Encouragement from the Holy See was quickly forthcoming. In 1571, Pope Pius V, in the Brief "Ex debito pastoralis officii", recommended that bishops establish it in every parish. From Rome it spread rapidly over Italy, France and Germany. It found advocates in Robert Bellarmine, Francis de Sales, and Charles Borromeo, who established it in every parish of his diocese.[3]

Pope Paul V, by the Papal Brief "Ex credito nobis", in 1607, erected it into an archconfraternity, with St. Peter's Basilica in Rome as its headquarters.[4] A rescript of the Sacred Congregation of Indulgences, in 1686, urged its establishment wherever possible.[2]

Pope Pius X was a strong proponent of CCD. In 1905, Pius X in his letter Acerbo nimis mandated the establishment of the Confraternity of Christian Doctrine (catechism class) in every parish.[5]

If the central confraternity in a diocese is affiliated to the Archconfraternity of Santa Maria del Pianto in Rome, all others participate in all the confraternity indulgences.[2]

Similar groups[edit]

Similar in scope and character to the above are the Pieuses Unions de la Doctrine Chrétienne, founded by the Sisters of Perpetual Adoration at Brussels in 1851, for giving religious instruction to boys and girls. In Brussels, they were (as of 1913) found in about thirty parishes. In 1894, Pope Leo XIII erected it into an archconfraternity for Belgium.[2]

The Archconfraternity of Voluntary Catechists (loosely corresponding to the French Oeuvre des Catéchismes) was founded to help parish priests in giving religious instructions to children attending the primary schools in Paris and other parts of France, after these had been laicized. In 1893, Pope Leo XIII gave it the rank of an archconfraternity with power to affiliate all similar confraternities in France.[2]

Present day[edit]

In 2019, the Confraternity of Christian Doctrine (CCD) awarded over $100,000 in grants to fund six projects that promote Catholic biblical literacy and Catholic biblical interpretation. The grants were funded through royalties relative to the New American Bible, which the CCD develops and publishes.[6] The 1986 Revised NAB is the basis of the revised Lectionary, and it is the only translation approved for use at Mass in the Latin-rite Catholic dioceses of the United States and the Philippines,[7]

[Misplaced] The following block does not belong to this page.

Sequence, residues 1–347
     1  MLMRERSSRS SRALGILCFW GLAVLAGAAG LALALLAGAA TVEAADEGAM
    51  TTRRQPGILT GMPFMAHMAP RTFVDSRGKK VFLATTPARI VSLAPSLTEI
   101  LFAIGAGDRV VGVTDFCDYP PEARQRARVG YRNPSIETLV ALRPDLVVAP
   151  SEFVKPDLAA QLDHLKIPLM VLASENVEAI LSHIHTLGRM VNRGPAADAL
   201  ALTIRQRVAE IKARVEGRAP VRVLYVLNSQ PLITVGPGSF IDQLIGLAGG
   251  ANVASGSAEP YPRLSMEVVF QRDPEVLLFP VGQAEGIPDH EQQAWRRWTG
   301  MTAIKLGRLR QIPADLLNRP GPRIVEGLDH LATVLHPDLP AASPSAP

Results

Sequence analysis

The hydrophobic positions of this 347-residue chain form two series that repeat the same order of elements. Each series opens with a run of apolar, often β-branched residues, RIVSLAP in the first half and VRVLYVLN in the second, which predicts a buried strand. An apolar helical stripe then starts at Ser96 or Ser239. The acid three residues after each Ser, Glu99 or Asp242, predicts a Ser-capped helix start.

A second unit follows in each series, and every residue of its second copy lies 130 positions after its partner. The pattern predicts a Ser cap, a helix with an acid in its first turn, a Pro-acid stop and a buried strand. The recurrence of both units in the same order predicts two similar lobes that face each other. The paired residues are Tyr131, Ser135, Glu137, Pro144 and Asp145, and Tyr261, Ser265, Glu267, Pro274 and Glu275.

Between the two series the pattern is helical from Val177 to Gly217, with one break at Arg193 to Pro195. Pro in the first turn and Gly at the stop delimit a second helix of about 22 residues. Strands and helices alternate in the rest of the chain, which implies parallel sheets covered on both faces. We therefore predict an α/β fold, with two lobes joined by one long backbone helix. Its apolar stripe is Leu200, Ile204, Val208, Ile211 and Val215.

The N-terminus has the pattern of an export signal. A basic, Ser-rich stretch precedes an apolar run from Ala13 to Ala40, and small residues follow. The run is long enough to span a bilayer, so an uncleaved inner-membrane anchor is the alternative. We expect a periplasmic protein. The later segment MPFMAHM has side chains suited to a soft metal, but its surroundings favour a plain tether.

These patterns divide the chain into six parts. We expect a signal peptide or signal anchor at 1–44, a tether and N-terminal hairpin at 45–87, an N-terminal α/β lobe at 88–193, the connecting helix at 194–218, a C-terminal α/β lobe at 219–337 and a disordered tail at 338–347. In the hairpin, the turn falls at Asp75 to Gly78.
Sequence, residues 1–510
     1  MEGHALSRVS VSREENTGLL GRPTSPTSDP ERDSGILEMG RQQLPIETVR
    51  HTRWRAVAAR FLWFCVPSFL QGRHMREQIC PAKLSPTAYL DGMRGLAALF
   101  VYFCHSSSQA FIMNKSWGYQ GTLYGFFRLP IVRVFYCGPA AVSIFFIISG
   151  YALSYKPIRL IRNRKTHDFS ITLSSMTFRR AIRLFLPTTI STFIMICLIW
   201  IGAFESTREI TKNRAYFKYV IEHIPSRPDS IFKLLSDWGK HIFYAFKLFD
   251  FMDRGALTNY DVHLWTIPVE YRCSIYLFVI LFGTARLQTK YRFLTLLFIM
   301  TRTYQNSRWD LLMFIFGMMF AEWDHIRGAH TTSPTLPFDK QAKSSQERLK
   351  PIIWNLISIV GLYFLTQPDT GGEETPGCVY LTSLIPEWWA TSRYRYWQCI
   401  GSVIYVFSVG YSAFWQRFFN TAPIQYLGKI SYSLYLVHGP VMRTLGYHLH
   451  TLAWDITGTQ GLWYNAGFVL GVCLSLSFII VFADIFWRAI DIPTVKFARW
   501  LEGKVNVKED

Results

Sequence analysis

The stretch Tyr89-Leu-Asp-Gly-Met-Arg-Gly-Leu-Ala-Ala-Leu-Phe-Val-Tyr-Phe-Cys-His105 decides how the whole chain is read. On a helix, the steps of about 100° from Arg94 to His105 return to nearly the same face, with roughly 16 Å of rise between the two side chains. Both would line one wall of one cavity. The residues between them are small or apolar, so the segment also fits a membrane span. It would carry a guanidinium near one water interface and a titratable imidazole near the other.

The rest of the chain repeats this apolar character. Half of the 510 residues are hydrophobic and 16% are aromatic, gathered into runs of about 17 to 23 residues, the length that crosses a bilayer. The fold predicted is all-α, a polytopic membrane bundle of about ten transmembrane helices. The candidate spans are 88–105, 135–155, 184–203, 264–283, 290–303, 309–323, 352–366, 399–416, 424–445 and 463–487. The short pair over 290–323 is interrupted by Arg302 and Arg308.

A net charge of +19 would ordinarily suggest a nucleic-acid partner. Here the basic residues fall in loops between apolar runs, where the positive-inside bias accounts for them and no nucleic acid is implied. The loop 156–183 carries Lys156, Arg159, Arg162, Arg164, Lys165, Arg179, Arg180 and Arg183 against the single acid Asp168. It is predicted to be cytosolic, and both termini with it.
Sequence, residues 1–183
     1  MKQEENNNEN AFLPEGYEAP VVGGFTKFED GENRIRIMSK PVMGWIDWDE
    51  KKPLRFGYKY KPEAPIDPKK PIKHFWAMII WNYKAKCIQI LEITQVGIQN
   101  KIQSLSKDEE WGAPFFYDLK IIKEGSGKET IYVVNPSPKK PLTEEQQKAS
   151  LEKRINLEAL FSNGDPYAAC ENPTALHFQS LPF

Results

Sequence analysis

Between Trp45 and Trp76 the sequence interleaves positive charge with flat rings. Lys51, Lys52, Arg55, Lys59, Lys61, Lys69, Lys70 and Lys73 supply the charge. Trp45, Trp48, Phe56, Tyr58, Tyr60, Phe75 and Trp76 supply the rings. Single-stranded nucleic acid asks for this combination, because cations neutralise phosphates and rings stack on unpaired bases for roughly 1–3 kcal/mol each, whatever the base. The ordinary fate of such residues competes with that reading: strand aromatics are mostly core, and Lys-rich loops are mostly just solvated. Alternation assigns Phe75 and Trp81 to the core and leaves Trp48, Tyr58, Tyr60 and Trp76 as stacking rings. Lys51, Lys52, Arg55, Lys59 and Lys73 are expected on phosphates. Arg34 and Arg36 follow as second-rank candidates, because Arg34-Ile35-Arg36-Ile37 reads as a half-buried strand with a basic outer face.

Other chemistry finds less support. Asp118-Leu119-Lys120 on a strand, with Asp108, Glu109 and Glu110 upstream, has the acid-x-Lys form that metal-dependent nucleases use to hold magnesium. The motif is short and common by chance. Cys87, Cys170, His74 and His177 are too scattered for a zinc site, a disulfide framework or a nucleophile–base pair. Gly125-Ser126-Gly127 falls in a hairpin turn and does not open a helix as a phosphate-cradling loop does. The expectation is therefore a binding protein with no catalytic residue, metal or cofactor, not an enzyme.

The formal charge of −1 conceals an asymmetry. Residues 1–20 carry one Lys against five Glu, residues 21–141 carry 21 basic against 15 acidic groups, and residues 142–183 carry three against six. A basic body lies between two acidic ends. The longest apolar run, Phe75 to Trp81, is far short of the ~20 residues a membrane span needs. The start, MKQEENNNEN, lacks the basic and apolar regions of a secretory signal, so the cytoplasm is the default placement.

In the Archdiocese of New York, the Confraternity of Christian Doctrine was established in 1902 by Archbishop Michael A. Corrigan as proposed by Marion Gurney, who was its first secretary.[8] After Vatican II, the Archdiocese expanded its program beyond the traditional focus on children and youth to include all parishioners. The new program is called "Parish Religious Education/Catechesis".[9]

See also[edit]


  1. ^ Catholic Archdiocese of Sydney. "What is SRE – Confraternity of Christian Doctrine". Retrieved 2020-07-06.
  2. ^ a b c d e f g h  This article incorporates text from a publication now in the public domainGlancey, Michael C (1908). "Confraternity of Christian Doctrine". In Herbermann, Charles (ed.). Catholic Encyclopedia. Vol. 3. New York: Robert Appleton Company.
  3. ^ "What exactly is the Confraternity of Christian Doctrine?", Catholic Voice, 15 January 2019
  4. ^ "Records of the National Office of the Confraternity of Christian Doctrine (CCD)", CUA
  5. ^ Avella, Steven M.; Zalar, Jeffrey (Fall 1997), "Sanctity in the Era of Catholic Action: The Case of St. Pius X", Catholic Historian (Spirituality and Devotionalism ed.), US, vol. 15, no. 4, pp. 57–80
  6. ^ "Confraternity of Christian Doctrine Funds Catholic Biblical Literacy and Interpretation Projects", USCCB Public Affairs Office, December 12, 2019
  7. ^ "Liturgy: Questions about the Scriptures used during Mass". USCCB.
  8. ^ Sisters of Our Lady of Christian Doctrine. "Our History". Archived from the original on 12 May 2017.
  9. ^ "What has become of CCD?", Catechetical Office, Archdiocese of New York